Blooming Spiritually


Paul urgently appealed to his Galatian church members to carefully think through his argument. His main point is that anyone’s relationship with God is through faith in the Lord Jesus Christ, not by the keeping of any law or doing something–whether a ritual or keeping a certain day or religious event or calendar. “Wasn’t it by faith, not through being a slave to anything?” he asks. Knowing God, or being known by Him, is a matter of faith, not doing. It is being; relating.

He told them of his own experiences in chapter 2. Of how he, the formerly strict Pharisee, now focused on God instead of keeping rules and regulations. He had the Holy Spirit within him, and he lived “by faith in the Son of God, who loved me and gave himself for me” (Galatians 2:20). Now he made the same appeal to their experience. “Let me ask you only this: Did you receive the Spirit by works of the law or by hearing with faith?” (3:2) He wanted them to examine their own spiritual experience in light of the false teaching contrasted with his experience. What about us? Have you ever thought through your own relationship with God? How did it begin? What has happened since? How is it now? It makes one stop and think….or should.

Paul never separated doctrine from experience nor encouraged experience without doctrine. The first leads to a dry, thirsty land; the second to a fast fading flower without roots or long life. I like to think of the balance of the two as being like an orchid. In the right light, the bloom lasts for days and days. Historic Christianity calls us to bloom spiritually. The Spirit gives us hope in spite of the sin principle’s pulling upon us. Paul appealed to that hope in chapter three. “Having begun by the Spirit, are you now being perfected by the flesh? (3:3). In other words, are you depending on doing “it right” or surrendering that one thing for your own righteousness rather than, like Abraham, believing God and trusting in his promises? (3:6).

Now he turned their thinking back to the Bible.(Putting your eyes on experiences won’t be very helpful without relating them to biblical principles.) These non-Jews read the Old Testament in Greek. They knew Abraham’s story. How he was called out from Babylon and told he would be blessed and be a blessing, “and in you all the families of the earth shall be blessed” (Genesis 12:3). How he had “believed God, and it was counted to him as righteousness” (Genesis 15:6). How the promises were made to him and to his offspring (Genesis 12:7). “Think about it,” Paul said. “This all relates to you; it’s not just a history of the Jews. You are children of Abraham, Gentiles, yes, but people of faith. The promises are yours!! You will be blessed. You will be a blessing to others. When God sees your faith, He will count it as if you were perfect! And so you have an everlasting relationship with Him and have hope and strength from the Holy Spirit.” “Know then that it is those of faith who are the sons of Abraham” (3:7).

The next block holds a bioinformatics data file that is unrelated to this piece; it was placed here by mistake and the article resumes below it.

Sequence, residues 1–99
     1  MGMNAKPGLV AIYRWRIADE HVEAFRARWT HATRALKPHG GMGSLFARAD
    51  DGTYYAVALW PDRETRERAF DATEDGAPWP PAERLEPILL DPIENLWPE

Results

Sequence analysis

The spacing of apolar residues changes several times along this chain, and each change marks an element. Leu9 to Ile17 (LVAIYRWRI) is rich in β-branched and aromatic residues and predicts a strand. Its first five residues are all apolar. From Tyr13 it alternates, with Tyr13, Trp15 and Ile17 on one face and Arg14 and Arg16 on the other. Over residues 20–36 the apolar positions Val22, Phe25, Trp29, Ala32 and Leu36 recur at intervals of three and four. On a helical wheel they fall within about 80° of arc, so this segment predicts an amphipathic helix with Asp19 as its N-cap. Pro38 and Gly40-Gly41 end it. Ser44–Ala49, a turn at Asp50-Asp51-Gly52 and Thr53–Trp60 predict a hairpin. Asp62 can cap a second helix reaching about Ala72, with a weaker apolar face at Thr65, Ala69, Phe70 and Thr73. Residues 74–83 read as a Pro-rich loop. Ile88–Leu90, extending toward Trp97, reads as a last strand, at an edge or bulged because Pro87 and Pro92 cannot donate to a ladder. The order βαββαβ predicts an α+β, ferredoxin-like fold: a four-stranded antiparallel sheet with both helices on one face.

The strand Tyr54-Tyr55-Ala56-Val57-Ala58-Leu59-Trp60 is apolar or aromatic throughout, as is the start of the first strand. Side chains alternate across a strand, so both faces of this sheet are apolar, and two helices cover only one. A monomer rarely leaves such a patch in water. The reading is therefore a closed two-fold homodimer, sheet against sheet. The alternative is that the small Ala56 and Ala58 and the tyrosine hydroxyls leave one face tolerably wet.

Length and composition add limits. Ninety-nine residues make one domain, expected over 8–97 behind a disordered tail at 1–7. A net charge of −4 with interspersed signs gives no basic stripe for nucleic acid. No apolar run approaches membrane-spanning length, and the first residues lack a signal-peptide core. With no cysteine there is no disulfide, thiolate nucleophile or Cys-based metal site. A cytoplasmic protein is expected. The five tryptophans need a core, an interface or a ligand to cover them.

Paul reminded them that this all happened to Abraham hundreds of years before Moses was given the law. So these blessings do not come from keeping anything; they come from faith in the “offspring” of Abraham. That would be Jesus, the Promised One, the Savior, the Christ. Offspring; not offsprings. Children are heirs, not slaves or servants. They are free and rich. So why would a rich adult volunteerily become a slave? Why would anyone think a contract would be legal if a paragraph was added or something taken out? (Read Galatians 3:7-18). God’s promises to Abraham of righteousness, eternal life, blessings in this life were fulfilled in Christ Jesus. His promises through Moses did not cancel out or amend the Abrahamic Covenant.

Are we living by faith in Christ Jesus or are we slaves to something we have dreamed up? Do we just want to acknowledge our feelings, or are we willing to think about the Bible as well? Are you or/and your church or friends and family accepting ideas that are contrary to the scriptures? Are you an orchid or a hibicus? (For those of you not in the tropics, hibicus flowers last only one day.)

Doctrine: “For by grace you have been saved through faith. And this is not your own doing, it is the gift of God, not a result of works, so that no one may boast” (Ephesians 2:8-9).</blockquote

Experience: “‘Tis mercy all! Immense and free! for, O my God it found out me.
My chains fell off, my heart was free; I rose, went forth and followed Thee.
Bold I approach th’eternal throne, And claim the crown thro’ Christ my own.”
(“How Can It Be?” by Charles Wesley).

About Carol Brandt

I earned a B.A. in History from Florida State University and M.Ed in.Higher Education from Florida Atlantic University. I taught high school social studies before “retiring” to full-time homemaking and raising two daughters. Now I love being a grandmother to four boys and a girl. I have also raised five collies.

My husband, John, was an optometrist, who worked tirelessly for his profession through private practice and as a consultant, and served on the Board of Trustees of Illinois College of Optometry for twenty years.

Ernest Reisinger was my chief mentor in this warm-hearted application of Calvinism. He gave me many books! The Founders Journal and Founders Conferences, Martyn Lloyd-Jones, and Charles Spurgeon have been other sources of Reformed thinking as well as the other warm-hearted ones listed in my book, “Warm-hearted Calvinists.”

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